The Canadian Expeditionary Force served admirably in World War One. One thing, however, marred their reputation: the Kinmel Riots.
The riots were the preverbial straw that broke the camel’s back. After the war ended, the CEF was moved to England and Wales. There they waited for demobilization and the return voyage back home.
After Armistice, a method needed devised to send the troops home. The Canadian army and government disagreed on the best course of action. The government wanted a “first over, first back” system while Gen. Arthur Currie believed it was better for discipline and for the communities back home if repatriation happened according to units. Currie’s view was the one selection.
Things did not go smoothly. Ships were needed to transport 267,813 men and 54,000 dependents home; 50,000 people were supposed to be sent home per month. However, the first ships, provided by the British government, proved to be too small to meet this demand. Inclement weather and strikes in Britain only complicated matters.
Back home, there were additional problems. Ships had only two ports to enter Canada. The others were either ice covered or two small. The railroads would only commit 25,000 spaces to transport the soldiers and their families home. It was estimated it would take 18 months to get back to Canada.
The process of sending entire units home meant some soldiers who had never even served on the frontline went home before those who had been in Europe for four and a half years. Resentment grew, and while men kept busy with military drills, Khaki University and playing sports, they eventually grew restless and violence ensued.
There were 13 incidents of unrest among Canadian troops after Armistice. The worst was Kinmel Park in Wales where 17,400 soldiers awaited repatriation. These were service troops; combat troops being housed at separate camps.
The men were upset for several reasons:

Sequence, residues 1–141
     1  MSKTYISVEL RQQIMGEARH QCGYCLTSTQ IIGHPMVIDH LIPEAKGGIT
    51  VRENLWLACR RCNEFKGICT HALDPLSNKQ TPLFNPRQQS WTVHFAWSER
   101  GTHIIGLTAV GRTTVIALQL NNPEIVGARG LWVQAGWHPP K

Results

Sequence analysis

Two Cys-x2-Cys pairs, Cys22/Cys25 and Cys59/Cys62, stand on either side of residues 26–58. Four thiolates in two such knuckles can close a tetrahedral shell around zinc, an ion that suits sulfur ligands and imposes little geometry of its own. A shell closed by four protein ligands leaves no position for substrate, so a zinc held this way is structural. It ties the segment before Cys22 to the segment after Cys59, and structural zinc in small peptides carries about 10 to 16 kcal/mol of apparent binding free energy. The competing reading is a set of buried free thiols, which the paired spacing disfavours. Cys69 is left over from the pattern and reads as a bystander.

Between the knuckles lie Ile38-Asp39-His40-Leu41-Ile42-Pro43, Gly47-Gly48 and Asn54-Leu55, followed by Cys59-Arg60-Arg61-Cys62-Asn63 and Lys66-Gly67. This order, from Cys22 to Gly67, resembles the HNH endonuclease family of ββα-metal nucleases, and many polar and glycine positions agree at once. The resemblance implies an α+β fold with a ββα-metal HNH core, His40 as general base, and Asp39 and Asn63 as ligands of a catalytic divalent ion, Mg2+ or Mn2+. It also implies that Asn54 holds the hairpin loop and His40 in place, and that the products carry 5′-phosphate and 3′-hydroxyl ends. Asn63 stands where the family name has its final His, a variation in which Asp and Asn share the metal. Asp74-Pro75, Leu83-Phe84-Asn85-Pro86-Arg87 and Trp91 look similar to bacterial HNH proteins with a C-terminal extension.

- Being fed half rations
- Not being paid in a month
- Price gouging was occurring at the nearby “Tin Town” where they purchased goods and frequented pubs
- Harsh weather during one of the coldest winters in recent Welsh history
- The 3rd Infantry was sent home before the men at Kinmel who were scheduled to leave next
No matter what camp they were sent to, the Canadian troops were upset because:
- 30 different forms, totaling 360 questions, had to be filled out before returning home
- Ships were reallocated to take home the Americans who had been in Europe for a much shorter time
- The availability of ships in February had been inadequate with some being either postponed or cancelled
Rioting broke out March 4, 1919, and lasted into the following day. It started with looting before growing into a riot of 200 men. Property also was damaged.
When it was over, five were dead and 23 men were wounded. Some arrests were made. The dead were buried next to approximately 200 solders who had died of the Spanish flu pandemic.
The British press sensationalized the riots. Nonetheless, the event did help the government arrange for a more efficient way to return a larger number of troops home.
Do you think the ends justified the means? Leave a comment below.
Enjoyed reading this post? Join the mailing list and receive updates in your inbox whenever a new post is published. Simply enter your email address in the form on the bottom right of this page.